In February 2001, the company agreed to change Avandia's warning label to show that studies found an increased risk of heart problems for patients taking the drug in combination with insulin. Company officials who knew the risks ``denied their existence'' at a meeting of the American Association of Clinical Endocrinologists, FDA officials noted in the July 2001 letter.
Clarify the Risks
Because of the ``seriousness'' of the company's violations, FDA officials required Glaxo to make the risks clear in letters to doctors and other health-care providers, according to the July 2001 letter.
Executives of London-based Glaxo said this week that numerous, larger studies done on the diabetes drug found no increased risk of heart problems. Avandia is Glaxo's second-best- selling drug after the asthma treatment Advair, sold in some countries as Seretide.
Glaxo's own analysis of its smaller studies showed a 31 percent increased risk of reduced blood flow to the heart, including heart attacks, among patients taking Avandia. The company submitted those findings to the FDA in the summer of 2005 and updated its analysis the following year.
While the data was posted on the company's Web site, Glaxo didn't notify doctors or patients of the possible increase in risks. Subsequent studies, including one that tracked more than 30,000 diabetic patients, found no additional cardiovascular complications, Glaxo said.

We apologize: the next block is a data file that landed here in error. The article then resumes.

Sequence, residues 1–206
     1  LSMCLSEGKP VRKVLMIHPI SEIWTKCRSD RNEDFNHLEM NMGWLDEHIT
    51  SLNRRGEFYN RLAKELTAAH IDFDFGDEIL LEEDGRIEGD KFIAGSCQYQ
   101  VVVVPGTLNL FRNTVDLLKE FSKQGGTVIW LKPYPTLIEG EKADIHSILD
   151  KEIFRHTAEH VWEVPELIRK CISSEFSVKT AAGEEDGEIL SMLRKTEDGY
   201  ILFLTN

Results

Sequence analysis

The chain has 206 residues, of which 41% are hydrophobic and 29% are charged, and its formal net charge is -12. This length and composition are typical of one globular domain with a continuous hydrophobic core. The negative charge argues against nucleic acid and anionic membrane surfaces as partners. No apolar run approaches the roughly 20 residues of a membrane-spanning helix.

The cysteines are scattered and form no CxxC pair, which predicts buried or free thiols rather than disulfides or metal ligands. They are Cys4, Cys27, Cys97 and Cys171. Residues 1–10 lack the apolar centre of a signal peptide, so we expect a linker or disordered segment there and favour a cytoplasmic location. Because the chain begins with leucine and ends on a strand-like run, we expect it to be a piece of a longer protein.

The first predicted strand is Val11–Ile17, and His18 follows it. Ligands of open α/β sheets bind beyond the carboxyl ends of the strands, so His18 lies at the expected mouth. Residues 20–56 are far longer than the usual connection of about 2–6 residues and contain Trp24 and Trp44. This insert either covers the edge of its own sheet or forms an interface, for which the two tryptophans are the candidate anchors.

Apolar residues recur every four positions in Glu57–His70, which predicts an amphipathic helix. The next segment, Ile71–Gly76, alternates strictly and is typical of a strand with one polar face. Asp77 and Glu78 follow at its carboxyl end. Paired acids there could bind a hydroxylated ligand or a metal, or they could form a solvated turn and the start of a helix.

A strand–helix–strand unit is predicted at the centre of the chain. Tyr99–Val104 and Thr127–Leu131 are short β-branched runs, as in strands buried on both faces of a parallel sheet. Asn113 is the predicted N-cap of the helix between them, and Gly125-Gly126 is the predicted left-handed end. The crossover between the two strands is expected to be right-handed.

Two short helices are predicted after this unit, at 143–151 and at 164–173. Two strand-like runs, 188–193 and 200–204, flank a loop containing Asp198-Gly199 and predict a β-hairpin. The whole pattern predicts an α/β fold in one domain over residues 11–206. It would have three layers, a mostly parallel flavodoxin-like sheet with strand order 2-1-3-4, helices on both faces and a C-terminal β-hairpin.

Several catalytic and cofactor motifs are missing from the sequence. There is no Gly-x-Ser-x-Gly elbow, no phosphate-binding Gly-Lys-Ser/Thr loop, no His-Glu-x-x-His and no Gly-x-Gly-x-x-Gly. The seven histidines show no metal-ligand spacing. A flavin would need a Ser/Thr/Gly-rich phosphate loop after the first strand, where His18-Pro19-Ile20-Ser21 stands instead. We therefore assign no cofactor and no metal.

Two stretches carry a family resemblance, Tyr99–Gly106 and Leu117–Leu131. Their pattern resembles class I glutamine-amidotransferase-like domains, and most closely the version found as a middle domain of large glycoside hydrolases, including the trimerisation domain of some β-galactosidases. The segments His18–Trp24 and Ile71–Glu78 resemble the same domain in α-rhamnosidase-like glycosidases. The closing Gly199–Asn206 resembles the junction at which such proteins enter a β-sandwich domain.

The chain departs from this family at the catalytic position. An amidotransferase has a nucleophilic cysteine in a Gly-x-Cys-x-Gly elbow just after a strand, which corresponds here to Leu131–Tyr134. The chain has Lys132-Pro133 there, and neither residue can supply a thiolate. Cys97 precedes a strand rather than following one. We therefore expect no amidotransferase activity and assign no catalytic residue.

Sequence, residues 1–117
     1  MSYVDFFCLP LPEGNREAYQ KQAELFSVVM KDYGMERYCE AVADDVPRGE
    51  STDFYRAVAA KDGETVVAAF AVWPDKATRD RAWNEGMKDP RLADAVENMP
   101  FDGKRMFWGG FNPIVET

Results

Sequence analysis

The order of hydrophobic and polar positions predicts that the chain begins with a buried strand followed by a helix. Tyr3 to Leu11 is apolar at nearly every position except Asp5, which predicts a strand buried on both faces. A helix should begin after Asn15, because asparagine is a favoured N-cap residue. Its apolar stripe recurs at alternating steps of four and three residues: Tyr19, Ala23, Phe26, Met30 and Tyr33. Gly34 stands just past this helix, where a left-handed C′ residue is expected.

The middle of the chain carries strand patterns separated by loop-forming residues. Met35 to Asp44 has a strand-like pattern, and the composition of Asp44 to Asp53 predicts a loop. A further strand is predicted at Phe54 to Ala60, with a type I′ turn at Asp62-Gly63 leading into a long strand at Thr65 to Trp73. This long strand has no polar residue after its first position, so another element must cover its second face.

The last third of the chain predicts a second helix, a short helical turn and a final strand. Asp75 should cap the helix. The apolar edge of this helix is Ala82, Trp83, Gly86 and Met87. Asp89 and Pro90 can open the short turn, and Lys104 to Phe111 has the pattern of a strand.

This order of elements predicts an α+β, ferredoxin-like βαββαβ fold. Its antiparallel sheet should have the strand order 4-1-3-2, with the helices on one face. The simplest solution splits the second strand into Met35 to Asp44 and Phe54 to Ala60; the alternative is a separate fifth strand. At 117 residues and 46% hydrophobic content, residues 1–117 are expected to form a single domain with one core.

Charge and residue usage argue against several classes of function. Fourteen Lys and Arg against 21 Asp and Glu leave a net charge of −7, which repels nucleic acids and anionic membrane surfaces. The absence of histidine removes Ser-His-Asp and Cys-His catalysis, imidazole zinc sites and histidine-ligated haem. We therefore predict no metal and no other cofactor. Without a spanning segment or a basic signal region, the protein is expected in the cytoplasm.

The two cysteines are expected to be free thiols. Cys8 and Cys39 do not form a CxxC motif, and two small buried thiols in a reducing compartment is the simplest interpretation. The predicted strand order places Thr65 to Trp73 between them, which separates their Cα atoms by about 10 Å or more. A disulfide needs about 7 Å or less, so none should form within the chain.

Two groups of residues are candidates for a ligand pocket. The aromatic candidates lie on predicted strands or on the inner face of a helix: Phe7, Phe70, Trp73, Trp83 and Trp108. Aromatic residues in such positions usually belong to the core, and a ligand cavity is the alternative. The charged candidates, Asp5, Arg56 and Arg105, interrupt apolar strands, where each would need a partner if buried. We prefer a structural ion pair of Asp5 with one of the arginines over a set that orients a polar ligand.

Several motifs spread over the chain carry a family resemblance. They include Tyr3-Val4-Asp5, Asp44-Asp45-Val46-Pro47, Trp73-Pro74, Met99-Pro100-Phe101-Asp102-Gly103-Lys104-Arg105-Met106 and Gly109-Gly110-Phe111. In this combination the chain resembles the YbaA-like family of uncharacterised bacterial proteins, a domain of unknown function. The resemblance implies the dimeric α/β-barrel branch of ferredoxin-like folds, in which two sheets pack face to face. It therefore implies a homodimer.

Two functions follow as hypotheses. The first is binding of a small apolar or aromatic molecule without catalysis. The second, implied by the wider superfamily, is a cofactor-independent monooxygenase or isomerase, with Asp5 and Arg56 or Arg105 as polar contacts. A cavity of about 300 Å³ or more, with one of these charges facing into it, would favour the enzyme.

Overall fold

Almost 21 million people in the U.S. have diabetes, a disease in which the body doesn't properly make or use the hormone insulin to convert blood sugar to energy, according the American Diabetes Association.
Avandia lowers blood sugar levels, which can cause complications such as kidney and eye damage, by increasing the body's sensitivity to insulin.
Congressional investigators are examining whether the FDA handled the oversight of Avandia properly and have scheduled hearings for June.
FDA officials defend their actions.
``The agency's position on Avandia is that this is a very complicated scientific issue -- the data are evolving and we need to continue to analyze them as quickly as possible,'' FDA spokeswoman Susan Cruzan said in an e-mailed statement yesterday. ``We have been monitoring the drug's safety for some time and are trying very conscientiously and responsibly to inform the public of safety information as we know it and understand it.''
MacDonald, who has sued other drugmakers, said the warning letters will make it more difficult for Glaxo to use the FDA's approval of the drug to convince jurors it's a safe medicine that was handled properly by the company.
``It's clear from those letters that the FDA had concerns about how the company was advertising and marketing this drug and about the company's response to those concerns,'' said MacDonald, who previously sued Wyeth over injuries caused by its withdrawn diet drugs.
It's too early to tell whether lawsuits over Avandia will match the 27,000 suits filed against Merck & Co. over Vioxx, or the more than 175,000 diet-drug claims Wyeth faced, said MacDonald, a partner in the law firm of MacDonald Rothweiler Eisenberg.
To contact the reporters on this story: Jef Feeley in Wilmington, Delaware at
; Michelle Fay Cortez in Minneapolis at